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Winter Squash Casserole, with tender chunks of butternut and kabocha, sage butter sauce, and pure maple syrup, is the perfect cold weather side dish recipe.

When I’m craving roasted winter squash, I usually go for something simple like baked butternut squash. But if you’re looking for a side dish recipe that’s more rich and hearty, this version is a great choice!

butternut Squash Casserole
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How to make this recipe:

  1. The first thing I did was cut each of my squashes in half, scooping the seeds out (photo 1), and placing them face down on a parchment lined baking sheet (photo 2). I then baked them for about a half hour. The goal is to soften the squash to make it easier to peel and chop, but not fully cook them.
  2. Once the par-baked squash was cool enough to handle, I used a peeler to remove the skin and then I chopped the flesh into 1-inch cubes (photo 3).
  3. Here comes the casserole portion of the recipe. I whisked together some flour with a bit of corn starch, pumpkin pie spice, salt and pepper. I lightly coated the squash in this mixture and discarded whatever wasn’t used. Add the lightly coated squash to your parchment lined baking sheet.
  4. Prior to give the squash it’s final roast in the oven, you’ll make the maple sage brown butter sauce. Yes, it’s as delicious as it sounds. Pour this over the coated squash, give it a toss, and then complete the roasting.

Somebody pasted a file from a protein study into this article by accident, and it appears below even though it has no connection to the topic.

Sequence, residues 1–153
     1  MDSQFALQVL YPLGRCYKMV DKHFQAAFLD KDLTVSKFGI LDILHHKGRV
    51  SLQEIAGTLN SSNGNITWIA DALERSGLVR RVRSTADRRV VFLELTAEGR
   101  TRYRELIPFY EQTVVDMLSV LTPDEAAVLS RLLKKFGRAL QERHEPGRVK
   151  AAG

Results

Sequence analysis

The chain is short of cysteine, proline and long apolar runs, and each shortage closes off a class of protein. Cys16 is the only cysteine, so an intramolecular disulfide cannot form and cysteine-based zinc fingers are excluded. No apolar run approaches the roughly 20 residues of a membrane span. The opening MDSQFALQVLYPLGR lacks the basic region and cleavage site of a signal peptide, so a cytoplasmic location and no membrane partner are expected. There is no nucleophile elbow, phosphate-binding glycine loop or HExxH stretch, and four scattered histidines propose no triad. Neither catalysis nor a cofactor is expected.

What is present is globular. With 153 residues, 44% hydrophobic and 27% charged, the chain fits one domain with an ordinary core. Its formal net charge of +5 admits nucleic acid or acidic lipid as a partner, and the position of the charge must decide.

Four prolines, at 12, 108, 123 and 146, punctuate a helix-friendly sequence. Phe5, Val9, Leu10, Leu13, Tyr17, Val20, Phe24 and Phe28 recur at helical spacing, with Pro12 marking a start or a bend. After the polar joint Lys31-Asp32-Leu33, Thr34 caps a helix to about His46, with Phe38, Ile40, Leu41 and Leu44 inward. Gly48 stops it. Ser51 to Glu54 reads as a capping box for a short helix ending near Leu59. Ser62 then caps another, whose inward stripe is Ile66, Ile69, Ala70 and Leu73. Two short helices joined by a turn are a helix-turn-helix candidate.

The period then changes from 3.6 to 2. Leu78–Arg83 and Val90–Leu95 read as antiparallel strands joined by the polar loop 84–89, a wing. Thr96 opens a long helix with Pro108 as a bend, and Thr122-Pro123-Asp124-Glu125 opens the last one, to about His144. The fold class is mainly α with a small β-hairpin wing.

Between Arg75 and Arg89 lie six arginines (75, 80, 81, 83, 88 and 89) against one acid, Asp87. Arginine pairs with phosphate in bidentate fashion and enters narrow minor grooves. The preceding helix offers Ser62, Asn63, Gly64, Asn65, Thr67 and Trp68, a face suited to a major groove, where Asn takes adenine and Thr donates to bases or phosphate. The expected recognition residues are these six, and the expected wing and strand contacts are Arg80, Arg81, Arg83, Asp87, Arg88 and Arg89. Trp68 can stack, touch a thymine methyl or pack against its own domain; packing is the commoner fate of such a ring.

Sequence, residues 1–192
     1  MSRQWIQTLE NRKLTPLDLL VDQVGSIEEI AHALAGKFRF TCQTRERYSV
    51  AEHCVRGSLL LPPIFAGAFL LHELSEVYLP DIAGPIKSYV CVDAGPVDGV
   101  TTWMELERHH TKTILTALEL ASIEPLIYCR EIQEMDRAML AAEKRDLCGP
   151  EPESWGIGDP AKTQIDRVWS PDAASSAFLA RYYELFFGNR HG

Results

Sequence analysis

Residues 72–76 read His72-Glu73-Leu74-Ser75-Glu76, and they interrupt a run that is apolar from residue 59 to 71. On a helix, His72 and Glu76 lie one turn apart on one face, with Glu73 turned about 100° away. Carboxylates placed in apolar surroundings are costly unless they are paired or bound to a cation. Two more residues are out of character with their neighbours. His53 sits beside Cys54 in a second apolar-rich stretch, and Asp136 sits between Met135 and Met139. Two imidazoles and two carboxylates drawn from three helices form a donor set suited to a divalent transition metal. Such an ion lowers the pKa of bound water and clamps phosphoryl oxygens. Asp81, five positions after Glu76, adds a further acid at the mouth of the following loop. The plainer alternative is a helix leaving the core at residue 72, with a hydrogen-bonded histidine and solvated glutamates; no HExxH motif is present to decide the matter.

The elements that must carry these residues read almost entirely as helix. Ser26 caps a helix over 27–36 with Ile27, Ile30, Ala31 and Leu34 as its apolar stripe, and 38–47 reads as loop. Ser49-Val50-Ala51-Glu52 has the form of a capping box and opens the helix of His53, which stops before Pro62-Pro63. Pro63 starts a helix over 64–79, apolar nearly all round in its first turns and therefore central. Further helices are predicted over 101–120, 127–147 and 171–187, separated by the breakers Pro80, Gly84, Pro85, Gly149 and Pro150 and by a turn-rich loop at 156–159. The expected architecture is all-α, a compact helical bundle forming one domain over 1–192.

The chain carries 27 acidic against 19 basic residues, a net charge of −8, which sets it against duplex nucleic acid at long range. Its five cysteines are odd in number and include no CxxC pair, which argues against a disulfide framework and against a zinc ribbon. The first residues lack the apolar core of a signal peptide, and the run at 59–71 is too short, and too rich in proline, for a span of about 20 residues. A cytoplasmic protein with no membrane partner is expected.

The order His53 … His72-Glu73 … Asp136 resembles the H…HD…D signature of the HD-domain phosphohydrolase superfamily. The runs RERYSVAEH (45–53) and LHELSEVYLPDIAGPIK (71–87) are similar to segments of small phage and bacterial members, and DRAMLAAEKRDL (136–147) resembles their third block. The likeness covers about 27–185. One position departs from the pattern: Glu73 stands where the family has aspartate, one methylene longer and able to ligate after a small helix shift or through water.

step by step photos of how to make winter Squash Casserole

Cooking tips:

I have found you’ll get the best results when making my winter squash casserole, if you do the following.

  • When cutting a winter squash, insert a very sharp chef’s knife into one side and use a rocking motion to work your way around the squash. They are very hard and you must be very careful not to accidentally cut yourself!
  • A large spoon works great to scrape out the seeds. I feed the seeds and the pulp to my chickens.
  • We found that using a large peeler works better than a paring knife when removing the skin from the squash.
  • You’ll get a better crispy outer layer on your squash if the pieces are completely spread out and in a single layer. To do this, you might have to cook the winter squash in batches or on separate baking sheets.

Winter squash recommendations:

Wondering what kind of winter squash works best?

First of all, let’s get our squash straight. Summer squash, like zucchini, is completely different in flavor and texture. You can absolutely make a summer squash casserole, but it is an entirely different recipe than my winter squash version.

  • One of the most familiar winter squashes is butternut. It’s everyone’s favorite and I’ve made a ton of recipes using it. Some of my favorites include Butternut Squash RisottoButternut Squash Soup, Savory Parmigiano Reggiano Butternut Squash Cake, Butternut Squash Leek Stuffing, and Homemade Butternut Squash Ravioli with Brown Butter Sage Sauce.
  • Another favorite of mine is an acorn squash. I use it to make a Stuffed Acorn Squash with sausage and all sorts of other yummy filling.
  • Spaghetti squash is considered a winter squash, but I wouldn’t use it in this casserole recipe because the texture is too stringy.
  • Other winter squash varities you might consider using depending on availability: delicata, hubbard, pumpkin, kabocha (this is one that I used and the flesh is similar to pumpkin), or turban.
winter Squash Casserole with butter sage sauce and maple syrup

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Winter Squash Casserole

Prep20 minutes
Cook1 hour
Total1 hour 20 minutes
Servings 12 servings